The leader of a resistance faction fighting the Taliban in Afghanistan's last holdout province announced Saturday that they would continue fighting.
The statement by the head of the National Resistance Front of Afghanistan Ahmad Massoud came in apparent response to unconfirmed reports that Panjshir — north of the capital Kabul — had fallen to the hardline Islamists.
The Taliban also claim they are on the verge of forming a new government after seizing Kabul on August 15.
What did Ahmad Massoud say?
"We will never give up the fight for God, freedom and justice," Massoud, the leader of the National Resistance Front of Afghanistan, wrote on Facebook.
"The fight, like Panjshir, who has stood strong until now and ... shows that people have not given up on their demands and fight for the truth," he added.
"Our people will never get tired of trusting God and will move forward to building a prosperous, free and independent Afghanistan."
Massoud is the son of Ahmad Shah Massoud, a major opposition figure against the Taliban's previous regime, who was killed in a suicide bombing just two days before the September 11, 2001 attacks on the United States.
Has Panjshir fallen to the Taliban?
Sources close to the Taliban claimed Friday that they had seized the Panjshir Valley, but it was not immediately possible to verify the claim.
US public broadcaster NPR cited another National Resistance Front spokesperson, Ali Nazary, as denying the capture, calling the rumors "propaganda."
The Panjshir Valley "has not been breached," Nazary said from a location in the US. "The Taliban are facing fierce resistance."
Franz Marty, a journalist in Kabul, told DW on said Saturday the Taliban had made no official declaration of victory, although there was some celebratory gunfire in Kabul.
"No one has confirmed this officially and resistance leaders have denied it," Marty said. "It's difficult to confirm the situation inside the valley because they have switched off the phone networks, so my contacts are unreachable."
Who is the National Resistance Front of Afghanistan?
The group is an alliance of anti-Taliban fighters loyal to the ousted government run out by the Islamist group nearly three weeks ago.
The faction has de-facto control over Panjshir, the only province in Afghanistan that is not under Taliban rule.
The group is engaged in fierce fighting to retain control of the province.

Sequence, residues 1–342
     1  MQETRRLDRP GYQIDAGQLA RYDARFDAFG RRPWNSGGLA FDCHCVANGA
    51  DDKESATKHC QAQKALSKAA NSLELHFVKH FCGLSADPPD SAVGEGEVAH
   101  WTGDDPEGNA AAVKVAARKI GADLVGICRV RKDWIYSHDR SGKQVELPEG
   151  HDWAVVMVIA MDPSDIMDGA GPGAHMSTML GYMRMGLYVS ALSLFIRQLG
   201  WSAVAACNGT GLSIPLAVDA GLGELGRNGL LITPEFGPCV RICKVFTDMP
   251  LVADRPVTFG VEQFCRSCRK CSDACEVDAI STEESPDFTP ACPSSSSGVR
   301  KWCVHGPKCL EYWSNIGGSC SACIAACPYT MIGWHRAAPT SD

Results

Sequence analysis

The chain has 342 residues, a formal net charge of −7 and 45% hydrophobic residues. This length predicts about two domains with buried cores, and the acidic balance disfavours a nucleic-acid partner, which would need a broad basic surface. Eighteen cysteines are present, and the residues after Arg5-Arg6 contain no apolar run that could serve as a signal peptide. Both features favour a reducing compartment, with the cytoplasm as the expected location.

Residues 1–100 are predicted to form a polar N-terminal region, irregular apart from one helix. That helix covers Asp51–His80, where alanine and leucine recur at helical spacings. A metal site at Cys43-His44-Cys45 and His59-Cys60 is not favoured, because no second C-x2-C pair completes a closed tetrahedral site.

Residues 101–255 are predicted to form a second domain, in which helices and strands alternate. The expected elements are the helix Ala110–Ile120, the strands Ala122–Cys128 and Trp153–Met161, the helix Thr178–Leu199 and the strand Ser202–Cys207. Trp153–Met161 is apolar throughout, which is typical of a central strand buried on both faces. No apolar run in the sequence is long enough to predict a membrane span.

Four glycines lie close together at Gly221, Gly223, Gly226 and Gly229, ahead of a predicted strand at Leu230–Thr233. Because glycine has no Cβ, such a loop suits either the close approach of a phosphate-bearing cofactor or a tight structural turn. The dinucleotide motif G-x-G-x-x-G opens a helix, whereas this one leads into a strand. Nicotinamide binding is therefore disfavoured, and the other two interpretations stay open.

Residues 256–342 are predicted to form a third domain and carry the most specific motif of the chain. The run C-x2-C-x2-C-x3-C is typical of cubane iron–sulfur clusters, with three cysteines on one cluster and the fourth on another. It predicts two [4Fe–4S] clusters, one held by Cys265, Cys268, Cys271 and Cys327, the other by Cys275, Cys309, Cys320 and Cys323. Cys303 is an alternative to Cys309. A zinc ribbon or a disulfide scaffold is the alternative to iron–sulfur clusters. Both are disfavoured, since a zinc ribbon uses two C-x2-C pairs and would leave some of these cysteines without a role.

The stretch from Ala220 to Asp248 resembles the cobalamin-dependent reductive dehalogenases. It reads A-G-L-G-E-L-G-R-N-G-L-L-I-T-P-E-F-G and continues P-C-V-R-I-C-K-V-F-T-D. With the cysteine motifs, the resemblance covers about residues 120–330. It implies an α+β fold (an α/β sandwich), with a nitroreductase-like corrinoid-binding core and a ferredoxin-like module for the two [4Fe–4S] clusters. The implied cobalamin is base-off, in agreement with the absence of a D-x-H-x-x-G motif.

Afghanistan's TOLO TV cited ousted Afghan vice president Amrullah Saleh, who has claimed the role of acting president, as saying the fighting in recent days had been intense and fighters on both sides had died.
Meanwhile, brief talks to try and find a peaceful solution have failed.
The Taliban has offered Massoud a position within their government, but he has rejected it, according to Fahim Dashti, a spokesman for the resistance organization.
The group is demanding the fair political participation of all ethnic groups as well as the protection of women's rights, freedom of speech, and elections.
When will the Taliban announce a new government?
The Taliban are due to form a government within days, perhaps as early as this weekend.
The Islamists face the enormous challenge of shifting gears from insurgents to a governing power of a war-ravaged country that is heavily reliant on international aid.
Qatar's ambassador to Afghanistan said Saturday that Kabul airport was able to be reopened for international assistance, according to Doha-based news channel Al Jazeera.
Both AP and Reuters news agencies also reported Saturday that Faiz Hameed, the head of Pakistan's powerful Inter-Services Intelligence agency, visited Kabul to possibly assist the Taliban in reorganizing the Afghan military.
The Taliban have promised an inclusive government that represents Afghanistan's complex ethnic makeup and under a less extreme form of Islam than when they last ruled the country from 1996 to 2001.
Taliban leaders have repeatedly declared that they will not carry out revenge attacks on opponents and that women will have access to education and some employment.
But many Afghans are deeply skeptical and fear a rollback of rights gained over the last two decades.